People watching you, a crowded place, a job interview, being under pressure: any situation that makes you feel embarrassed or uncomfortable may trigger a panic attack.
Now, it’s important you realize that it’s not the situation itself, but the way you react to the situation that triggers the attack. You feel overwhelmed, and you have anxious thoughts, but it’s an overreaction — otherwise everyone else would react the same way.
6. Having an argument
During a heated argument, our emotions and feelings can change rapidly. But we are all different: some of us may start crying, some may shout in anger, and some may become very anxious. When that happens, you could think that you are losing control and you’re going to have an attack.
Once again, if you tell yourself it’s normal to feel different when you’re angry or upset, you won’t overreact to those feelings.
7. Social phobia
A possible cause of panic attacks is social phobia, which is related to the fifth trigger (being uncomfortable and/or embarrassed). This is a great example of how your thoughts, rather than your environment, can cause extreme anxiety.
When someone suffers from social phobia, the issue isn’t people around them, but what goes on in their mind. They think they will be judged, made fun of, or verbally abused, even though that’s extremely rare (and even if it did happen, it wouldn’t be the end of the world, right?).
8. Feeling trapped
This could happen whenever you’re in an elevator, on the train, or on a plane. A small space can make anyone feel claustrophobic, and if you suffer from panic, it could be overwhelming.
If that happens, remind yourself that what you feel is uncomfortable but not dangerous at all; breathe slowly, and direct your focus somewhere else. If there’s people around you, tell yourself that if they they are calm, you should be as well.
9. Being far away from home
Typically, someone who suffers from panic wants to feel as safe as possible. So if they’re close to their home they feel fine, but what if they’re two hours away, and experience an attack? What if they lose control? Will they go to the hospital? Will they die?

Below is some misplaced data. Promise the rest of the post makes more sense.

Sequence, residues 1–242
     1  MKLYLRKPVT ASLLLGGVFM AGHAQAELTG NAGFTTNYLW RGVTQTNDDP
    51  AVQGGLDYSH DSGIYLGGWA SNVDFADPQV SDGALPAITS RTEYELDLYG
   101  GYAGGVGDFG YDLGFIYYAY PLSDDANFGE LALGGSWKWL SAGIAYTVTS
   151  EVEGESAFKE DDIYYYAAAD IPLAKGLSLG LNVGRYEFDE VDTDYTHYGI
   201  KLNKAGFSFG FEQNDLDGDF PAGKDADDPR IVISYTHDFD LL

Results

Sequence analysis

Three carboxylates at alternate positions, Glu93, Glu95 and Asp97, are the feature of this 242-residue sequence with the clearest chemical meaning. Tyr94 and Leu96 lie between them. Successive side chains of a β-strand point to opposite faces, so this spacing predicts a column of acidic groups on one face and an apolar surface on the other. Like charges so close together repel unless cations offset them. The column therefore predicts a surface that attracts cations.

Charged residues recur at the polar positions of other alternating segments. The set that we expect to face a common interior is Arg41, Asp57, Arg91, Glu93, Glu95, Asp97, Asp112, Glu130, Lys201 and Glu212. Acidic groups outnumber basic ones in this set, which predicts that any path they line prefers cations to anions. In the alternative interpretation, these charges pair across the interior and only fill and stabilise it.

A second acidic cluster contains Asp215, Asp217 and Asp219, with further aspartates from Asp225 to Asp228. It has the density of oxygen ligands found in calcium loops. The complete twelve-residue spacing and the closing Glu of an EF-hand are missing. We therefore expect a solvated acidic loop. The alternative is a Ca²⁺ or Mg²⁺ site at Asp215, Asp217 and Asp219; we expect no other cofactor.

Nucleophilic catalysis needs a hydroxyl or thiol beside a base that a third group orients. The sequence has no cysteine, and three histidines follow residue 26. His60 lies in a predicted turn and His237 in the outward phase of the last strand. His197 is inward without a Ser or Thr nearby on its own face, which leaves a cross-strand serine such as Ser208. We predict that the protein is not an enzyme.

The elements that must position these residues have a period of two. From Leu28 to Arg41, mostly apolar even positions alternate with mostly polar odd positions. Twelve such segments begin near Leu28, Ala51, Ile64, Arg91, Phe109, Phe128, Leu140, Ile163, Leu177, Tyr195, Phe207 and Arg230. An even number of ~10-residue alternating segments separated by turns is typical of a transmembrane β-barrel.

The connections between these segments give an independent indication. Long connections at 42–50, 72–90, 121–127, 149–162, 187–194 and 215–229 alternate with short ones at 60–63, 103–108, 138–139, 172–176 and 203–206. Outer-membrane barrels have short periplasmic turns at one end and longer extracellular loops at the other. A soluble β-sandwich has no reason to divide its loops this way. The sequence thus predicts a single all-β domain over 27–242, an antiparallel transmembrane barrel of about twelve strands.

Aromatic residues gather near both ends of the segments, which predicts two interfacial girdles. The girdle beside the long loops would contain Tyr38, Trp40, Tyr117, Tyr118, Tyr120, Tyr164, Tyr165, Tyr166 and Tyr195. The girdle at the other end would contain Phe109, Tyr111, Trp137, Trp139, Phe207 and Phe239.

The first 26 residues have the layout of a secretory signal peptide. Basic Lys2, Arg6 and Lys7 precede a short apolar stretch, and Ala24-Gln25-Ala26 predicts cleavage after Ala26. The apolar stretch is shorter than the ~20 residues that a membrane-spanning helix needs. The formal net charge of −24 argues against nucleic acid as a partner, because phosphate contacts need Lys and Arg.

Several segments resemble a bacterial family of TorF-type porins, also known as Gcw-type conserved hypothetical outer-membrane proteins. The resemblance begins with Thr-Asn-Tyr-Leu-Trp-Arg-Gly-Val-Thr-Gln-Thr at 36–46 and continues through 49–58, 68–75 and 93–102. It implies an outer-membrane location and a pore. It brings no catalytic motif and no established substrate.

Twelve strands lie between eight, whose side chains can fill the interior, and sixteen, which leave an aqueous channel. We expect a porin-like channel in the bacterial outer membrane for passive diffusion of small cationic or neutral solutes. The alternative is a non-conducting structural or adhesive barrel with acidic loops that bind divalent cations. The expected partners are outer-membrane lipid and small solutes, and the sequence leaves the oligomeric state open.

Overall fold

These are irrational thoughts simply because it’s impossible to die, lose control or become insane during an attack. Fainting, although possible, is extremely rare.
As a matter of fact, the more you avoid leaving the house for long periods of time, the more fear you will experience, and the more anxious you will become. Conversely, by gradually exposing yourself to discomfort, your fear will eventually disappear!
10. Being at work
This could be a combination of feeling trapped, being under pressure, and worrying about your colleagues’ thoughts. Some panic sufferers don’t want any of their friends to find out about their condition — let alone their employer.
Plus, some events at work could be particularly stressful, such as giving a presentation or working on a project with a tight deadline.
In the rare case you experience an attack at work, consider going to a bathroom, or outside. Remind yourself it will go away soon, and it won’t harm you in any way.
“What if it happens while I’m driving? Will I be able to concentrate? What if I hyperventilate, and faint? Will I be able to pull over?”
Typically, the anxiety begins before you even jump in your car, simply because of catastrophic thinking. So it’s very important to eliminate the negative self-talk and stop worrying before leaving the house.
Shortly after my first panic attack, I became convinced I had developed some weird disease: I had tension headaches, I would feel dizzy and anxious, my body was weaker, and sometimes I had hot flashes “for no reason”.
Obviously, at the time I didn’t know anything about panic, so I thought there was something wrong about my body. This is why it’s crucial to understand what panic is: if you don’t, you may think it’s some serious illness that you have no control over, which, in turn, would make you feel even more anxious.
13. Doing something new